Tuesday, October 24, 2017

The Problem with Men Saying #Metoo

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Originally published on The Good Men Project on October 24, 2017

The roots of sexual assault are deep and complicated.

Me too.
Summer camp.  I was 15, she was 18.  There was no consent.  She held me down.  She didn’t listen to my no’s. Haven’t told anyone. I’m outing myself.

This was my male friend’s post on Sunday, October 15, 2017.  It was met with support, belief, more conversation. He was lucky. Not all male victims of sexual assault have received such support.  I witnessed men being shut down, told to go elsewhere, told their timing, their message wasn’t the right moment or place.  It has been painful to see these posts (all of the #metoo posts, in fact), but overall, I’ve come to understand #metoo is simple and complicated, tangled up in a history of sexism, desire for solidarity, and pernicious silencing.  And perhaps, it is simply a Gordian knot, forever tied, but I have to hope there is something better out there for all of us: men, women, and everyone on the gender spectrum.

I get it, though.  I understand why women don’t necessarily want men to be part of such a vulnerable and volatile space. For some women, men make the space less safe, and frankly, they have good reason.

Women in Public: Interruptions and Anger Perception

In short, men are more apt to interrupt women than women are to interrupt men.  In this 1975 study researchers followed conversations between men and women, documenting interruptions. Guess who won?  Men.  And, in this more recent study (less rigorous, but still significant), Kieran Snyder found men interrupted women three times more often than they interrupted men. It is no wonder then that some women simply don’t want men to be in the same space and especially the vulnerable space of sharing experiences of harassment and assault.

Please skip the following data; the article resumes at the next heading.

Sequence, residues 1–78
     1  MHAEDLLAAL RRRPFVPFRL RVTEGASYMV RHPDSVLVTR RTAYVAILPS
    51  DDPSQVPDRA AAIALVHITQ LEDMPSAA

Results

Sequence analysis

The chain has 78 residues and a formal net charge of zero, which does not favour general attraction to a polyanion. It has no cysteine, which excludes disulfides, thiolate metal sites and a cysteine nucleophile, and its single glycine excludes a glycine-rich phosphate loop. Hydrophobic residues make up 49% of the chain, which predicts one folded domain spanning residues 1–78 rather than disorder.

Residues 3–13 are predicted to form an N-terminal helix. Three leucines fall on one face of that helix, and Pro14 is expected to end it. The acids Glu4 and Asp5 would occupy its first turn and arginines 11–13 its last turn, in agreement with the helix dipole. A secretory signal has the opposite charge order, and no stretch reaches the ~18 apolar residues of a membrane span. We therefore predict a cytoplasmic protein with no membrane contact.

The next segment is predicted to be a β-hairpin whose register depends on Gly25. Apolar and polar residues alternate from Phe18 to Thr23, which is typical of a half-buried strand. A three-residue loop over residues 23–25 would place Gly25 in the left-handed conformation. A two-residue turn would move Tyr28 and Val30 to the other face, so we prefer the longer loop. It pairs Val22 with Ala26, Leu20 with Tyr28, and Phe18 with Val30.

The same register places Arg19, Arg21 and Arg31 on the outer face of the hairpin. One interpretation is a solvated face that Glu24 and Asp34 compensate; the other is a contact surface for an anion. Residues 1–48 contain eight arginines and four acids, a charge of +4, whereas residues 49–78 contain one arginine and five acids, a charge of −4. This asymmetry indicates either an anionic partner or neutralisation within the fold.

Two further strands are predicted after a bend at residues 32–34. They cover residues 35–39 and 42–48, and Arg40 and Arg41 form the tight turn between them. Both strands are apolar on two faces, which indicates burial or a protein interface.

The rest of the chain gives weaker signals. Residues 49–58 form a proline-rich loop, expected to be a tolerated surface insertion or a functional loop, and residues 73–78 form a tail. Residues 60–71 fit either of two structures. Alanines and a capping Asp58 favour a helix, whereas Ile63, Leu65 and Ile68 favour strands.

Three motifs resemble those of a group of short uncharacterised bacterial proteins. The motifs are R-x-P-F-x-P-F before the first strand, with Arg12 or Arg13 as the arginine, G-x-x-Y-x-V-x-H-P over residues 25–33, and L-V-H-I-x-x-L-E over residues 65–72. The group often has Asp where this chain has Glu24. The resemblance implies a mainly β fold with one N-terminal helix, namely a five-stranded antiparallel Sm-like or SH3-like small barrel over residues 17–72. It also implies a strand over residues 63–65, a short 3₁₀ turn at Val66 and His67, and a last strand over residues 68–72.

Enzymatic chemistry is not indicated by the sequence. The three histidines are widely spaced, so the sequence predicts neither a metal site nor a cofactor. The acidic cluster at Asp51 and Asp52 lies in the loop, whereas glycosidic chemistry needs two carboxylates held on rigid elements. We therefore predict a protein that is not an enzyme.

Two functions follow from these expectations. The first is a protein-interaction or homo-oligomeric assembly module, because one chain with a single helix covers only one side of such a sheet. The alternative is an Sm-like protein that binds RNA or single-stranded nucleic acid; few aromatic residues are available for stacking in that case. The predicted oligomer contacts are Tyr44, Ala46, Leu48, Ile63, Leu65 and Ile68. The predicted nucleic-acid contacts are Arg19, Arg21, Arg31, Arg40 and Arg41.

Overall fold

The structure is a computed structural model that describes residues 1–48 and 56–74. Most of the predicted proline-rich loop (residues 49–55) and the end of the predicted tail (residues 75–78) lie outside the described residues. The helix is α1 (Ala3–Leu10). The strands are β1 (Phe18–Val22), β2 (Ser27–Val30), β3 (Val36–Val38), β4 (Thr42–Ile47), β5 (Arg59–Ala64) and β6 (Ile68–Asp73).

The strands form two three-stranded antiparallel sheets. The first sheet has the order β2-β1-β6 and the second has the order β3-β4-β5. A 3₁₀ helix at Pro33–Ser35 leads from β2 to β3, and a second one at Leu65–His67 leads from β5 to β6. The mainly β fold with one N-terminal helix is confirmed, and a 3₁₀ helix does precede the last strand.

In a study done by Yale called “Can an Angry Woman Get Ahead?” it was systematically proven that men who participated in the study “conferred a lower status on angry female professionals than angry male professionals.” The same holds true in another study carried out by Arizona State University.  Women became less  influential when they used anger in an argument; men became more.

With this in mind, it is totally understandable that women would want an uninterrupted man-free zone to express vulnerability and anger.  The question remains: is there space in that movement for male victims of sexual assault?

Male Assault Victims in Solidarity

Yes.  It is possible.  I have witnessed people be infinitely more accepting of a man sharing in #metoo when he added his own experience in solidarity.  Instead of calling out his gender, desiring to change the meme, or calling attention to himself, he added his history. He didn’t interrupt the shares by women.  He didn’t co-opt the space.  He didn’t judge any woman.  He didn’t wave a flag announcing his presence.  He joined in - as the personal story above - with a heart-rending experience.

For many people, myself included, this occurred as a movement of solidarity.   Like the man above, other men have finally found a place where they can share their experiences, be part of something (unfortunately) greater than him.  And this is beyond gender.